Lawmakers rise to the occasion in gay marriage debate

During Monday night’s stirring Senate floor debate, I couldn’t help but think of Steven.

Steven is my brother.  Steven is the most wonderful, loving person I know. He has two incandescent children and a perfectly matched life partner.

Steven also happens to be gay. And as senator after senator rose last night, as if they were feeding off each other’s energy and humanity, to support repealing the state’s gay marriage law, I thought of Steven.

I hope I would feel the way I do even if my brother weren’t gay, even if I couldn’t imagine depriving him of the opportunity to marry Rob, as he did in 2011.  But every time I see them and their two adopted children together, I am reminded of how their family is no different than any happy family, while (with homage, Leo) for so many different reasons, there are so many unhappy heterosexual marriages out there.

It makes the issue real to me, just as it does for Sen. Justin Jones, who spoke movingly of his gay brother-in-law and voted to repeal the ban even though his LDS church friends might not understand or it might threaten his re-election chances. "I would rather lose an election than look my brother-in-law in the eye every Sunday and tell him he doesn’t have the same rights as I do,” Jones said, his voice soft but affecting.

On a night when I had to holster my usual snark and cynicism as I listened and watched these politicians transmogrify into human beings, allowing the personal to be the political, letting the emotions most elected officials reflexively hold in check pour forth into the public eye.

All of this surprising drama came, ironically, on a night when passage of the repeal was never in doubt. The only surprise was Ben Kieckhefer, who did not speak and declined to explain his vote (we can assume it was personal not political), siding with the 11 Democrats.

We are a long way from the repeal actually taking effect – two Legislatures and a vote of the people in 2016. And I don’t expect to see that kind of debate every day in Carson City.

But for one hour in the Senate chamber Monday night, I felt like the frustrated duffer who wants to give up the game but then hits a ball within 10 feet of the hole. It makes you want to keep believing, to come back to the game one more time.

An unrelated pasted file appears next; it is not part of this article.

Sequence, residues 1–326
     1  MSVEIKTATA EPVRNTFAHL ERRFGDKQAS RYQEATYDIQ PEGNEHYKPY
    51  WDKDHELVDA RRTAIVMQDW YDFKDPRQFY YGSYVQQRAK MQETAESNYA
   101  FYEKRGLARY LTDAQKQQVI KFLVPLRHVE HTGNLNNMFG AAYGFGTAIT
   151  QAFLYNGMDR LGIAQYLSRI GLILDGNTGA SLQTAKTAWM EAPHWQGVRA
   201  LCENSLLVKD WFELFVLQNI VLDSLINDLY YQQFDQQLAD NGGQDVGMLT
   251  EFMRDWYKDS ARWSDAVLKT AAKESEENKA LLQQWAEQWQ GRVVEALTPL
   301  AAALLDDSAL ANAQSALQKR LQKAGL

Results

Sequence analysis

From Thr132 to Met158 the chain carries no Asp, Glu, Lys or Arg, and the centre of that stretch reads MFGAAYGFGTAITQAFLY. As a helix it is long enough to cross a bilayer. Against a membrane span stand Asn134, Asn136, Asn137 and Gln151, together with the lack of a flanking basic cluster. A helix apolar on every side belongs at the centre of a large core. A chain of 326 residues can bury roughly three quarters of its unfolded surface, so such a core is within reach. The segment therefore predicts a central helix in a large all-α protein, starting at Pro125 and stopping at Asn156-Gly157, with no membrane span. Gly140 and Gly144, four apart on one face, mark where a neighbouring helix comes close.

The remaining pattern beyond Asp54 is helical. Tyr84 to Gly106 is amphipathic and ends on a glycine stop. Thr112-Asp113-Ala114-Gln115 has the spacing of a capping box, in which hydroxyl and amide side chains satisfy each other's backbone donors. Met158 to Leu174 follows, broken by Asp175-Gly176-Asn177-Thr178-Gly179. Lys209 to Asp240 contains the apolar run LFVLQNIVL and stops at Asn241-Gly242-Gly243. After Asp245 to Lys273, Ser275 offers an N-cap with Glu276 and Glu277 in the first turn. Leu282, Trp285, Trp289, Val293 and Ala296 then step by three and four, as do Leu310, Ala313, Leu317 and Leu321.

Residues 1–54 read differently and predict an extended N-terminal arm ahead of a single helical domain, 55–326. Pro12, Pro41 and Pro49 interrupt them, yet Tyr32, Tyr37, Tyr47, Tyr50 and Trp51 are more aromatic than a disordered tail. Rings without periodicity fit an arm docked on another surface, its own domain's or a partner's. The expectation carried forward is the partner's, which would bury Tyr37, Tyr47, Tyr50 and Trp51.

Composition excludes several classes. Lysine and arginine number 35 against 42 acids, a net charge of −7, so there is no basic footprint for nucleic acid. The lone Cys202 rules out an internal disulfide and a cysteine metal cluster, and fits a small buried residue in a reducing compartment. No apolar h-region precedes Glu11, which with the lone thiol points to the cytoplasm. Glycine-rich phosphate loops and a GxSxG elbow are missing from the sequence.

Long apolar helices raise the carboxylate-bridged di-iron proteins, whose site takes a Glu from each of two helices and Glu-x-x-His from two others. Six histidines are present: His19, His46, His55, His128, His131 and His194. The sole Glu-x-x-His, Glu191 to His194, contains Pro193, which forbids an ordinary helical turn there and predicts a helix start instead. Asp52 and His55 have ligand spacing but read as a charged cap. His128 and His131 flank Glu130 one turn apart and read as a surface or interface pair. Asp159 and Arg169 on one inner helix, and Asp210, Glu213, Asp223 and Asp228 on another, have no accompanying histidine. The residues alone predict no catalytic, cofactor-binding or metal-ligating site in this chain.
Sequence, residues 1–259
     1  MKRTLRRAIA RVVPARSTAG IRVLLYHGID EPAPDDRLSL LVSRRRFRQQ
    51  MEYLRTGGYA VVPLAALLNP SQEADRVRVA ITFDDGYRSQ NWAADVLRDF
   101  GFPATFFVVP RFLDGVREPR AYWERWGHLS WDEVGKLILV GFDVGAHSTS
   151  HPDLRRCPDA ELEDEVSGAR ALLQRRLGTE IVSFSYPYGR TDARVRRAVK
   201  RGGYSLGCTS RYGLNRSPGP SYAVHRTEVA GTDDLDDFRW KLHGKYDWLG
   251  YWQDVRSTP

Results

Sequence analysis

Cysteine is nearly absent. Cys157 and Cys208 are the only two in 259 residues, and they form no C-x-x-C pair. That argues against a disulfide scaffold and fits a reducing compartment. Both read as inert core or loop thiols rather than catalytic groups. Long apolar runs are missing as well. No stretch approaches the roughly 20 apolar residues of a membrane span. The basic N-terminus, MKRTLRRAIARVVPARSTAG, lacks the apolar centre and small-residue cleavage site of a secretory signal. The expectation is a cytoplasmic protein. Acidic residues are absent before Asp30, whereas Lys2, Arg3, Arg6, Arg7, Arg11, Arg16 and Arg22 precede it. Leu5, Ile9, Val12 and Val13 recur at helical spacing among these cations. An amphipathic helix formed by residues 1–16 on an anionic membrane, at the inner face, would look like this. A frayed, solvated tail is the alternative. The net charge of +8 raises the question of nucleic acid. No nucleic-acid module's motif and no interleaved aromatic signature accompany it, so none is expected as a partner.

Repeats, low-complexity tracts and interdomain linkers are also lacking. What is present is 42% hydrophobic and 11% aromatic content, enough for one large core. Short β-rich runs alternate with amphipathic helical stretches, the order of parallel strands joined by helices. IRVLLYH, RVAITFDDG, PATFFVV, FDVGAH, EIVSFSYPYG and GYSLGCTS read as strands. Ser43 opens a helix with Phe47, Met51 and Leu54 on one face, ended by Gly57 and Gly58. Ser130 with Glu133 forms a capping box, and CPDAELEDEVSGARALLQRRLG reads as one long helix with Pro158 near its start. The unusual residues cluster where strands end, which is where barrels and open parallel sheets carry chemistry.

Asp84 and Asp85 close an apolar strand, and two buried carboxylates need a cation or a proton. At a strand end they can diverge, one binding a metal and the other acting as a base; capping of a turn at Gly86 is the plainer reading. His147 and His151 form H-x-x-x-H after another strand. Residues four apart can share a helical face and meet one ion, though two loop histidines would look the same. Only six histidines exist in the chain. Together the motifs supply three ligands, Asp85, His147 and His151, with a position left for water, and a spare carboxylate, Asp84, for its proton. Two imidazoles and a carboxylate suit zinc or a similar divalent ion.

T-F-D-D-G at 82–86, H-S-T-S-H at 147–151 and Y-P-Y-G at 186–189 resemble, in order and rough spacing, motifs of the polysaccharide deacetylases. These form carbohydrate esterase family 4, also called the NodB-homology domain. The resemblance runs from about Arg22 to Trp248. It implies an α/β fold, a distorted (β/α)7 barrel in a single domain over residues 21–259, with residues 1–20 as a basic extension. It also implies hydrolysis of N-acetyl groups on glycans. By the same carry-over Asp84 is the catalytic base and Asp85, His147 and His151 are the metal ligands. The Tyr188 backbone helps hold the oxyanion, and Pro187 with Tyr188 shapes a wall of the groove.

And it was more than that, really.

It was a night when despite GOP senators mewling about process – oh, they sprung this on us (not really) and marriage shouldn’t be in the Constitution It already is)! – their objections were rendered ridiculous by the soaring speeches by more than one Democrat.

Pat Spearman, the openly gay pastor whose election over John Lee made this vote possible (he never would have supported it), preached the gospel of integration, of toleration. She managed to invoke Brown v. Board of Education, Thurgood Marshall and Martin Luther King.

She scoffed at the notion that gay marriages hurt other unions, suggesting perhaps adultery was a greater threat. And, in making the case, she made it simple: “Separate is not equal,” echoing the seminal Brown case.

Kelvin Atkinson said he was not going to speak, but oh, did he speak. Although many know he is gay, he declared his sexuality for the world to know, and delivered the line that many on Twitter latched onto: “If this hurts your marriage, then your marriage was in trouble in the first place.”

Aaron Ford talked of growing up in conservative Texas, of evolving, of being affected by the Loving V. Virginia case that outlawed anti-miscengenation laws. “That was the argument that persuaded me,” he said. “We’re not going to bow to the pressures of bigotry, and we’re going to say people should be allowed to marry who they want to.”

There were others, too, but it was Jones who was the most moving, I thought, because it was so obviously, as he said, “ a personal, difficult decision,” and because he was risking the most personally and politically (he is up next year and only won by 300 votes last time).

His speech and the others were unbound by the usual artifice that marks so many floor speeches, the mask removed, the sentences more poetry than prose, shorn of the standard, rote politispeak.

And the contrast to every Republican who spoke could not have been starker.

“Process is important,” Senate Minority Leader Michael Roberson said. I think this was a tough vote for Roberson, who (and there were at least three others) said he would have backed it if the language mandating governments recognize gay marriage were not in there. But he couldn’t have been more wrong.

On this night, nothing could have been less important than process. This was a vote on which methods should have been overwhelmed by the cause, pushing forward an issue that years from now (I hope not too many) will seem hardly controversial at all.

Be upset that the Democrats rammed this through. Be upset that they weren’t satisfied with just a repeal and wanted replace language, too, to avoid a gubernatorial veto and infuse national money. Be upset that they were forcing a difficult choice.

Fine. But put all that aside and simply vote for a resolution that is reflective of a new Nevada, a new America.

I understand the argument about religion and how difficult this was for the Mormons and Catholics there. But religions don’t evolve; people evolve. Religions too often aren’t tolerant; people must be tolerant. Religions may say marriage is between a man and a woman; but marriages are not just between a man and a woman anymore.

I don’t say this very often – and I wish I had cause to say it more – but I was proud of the Legislature on Monday night. I know Steven would have been, too.


You can watch the entire SJR 13 debate here.

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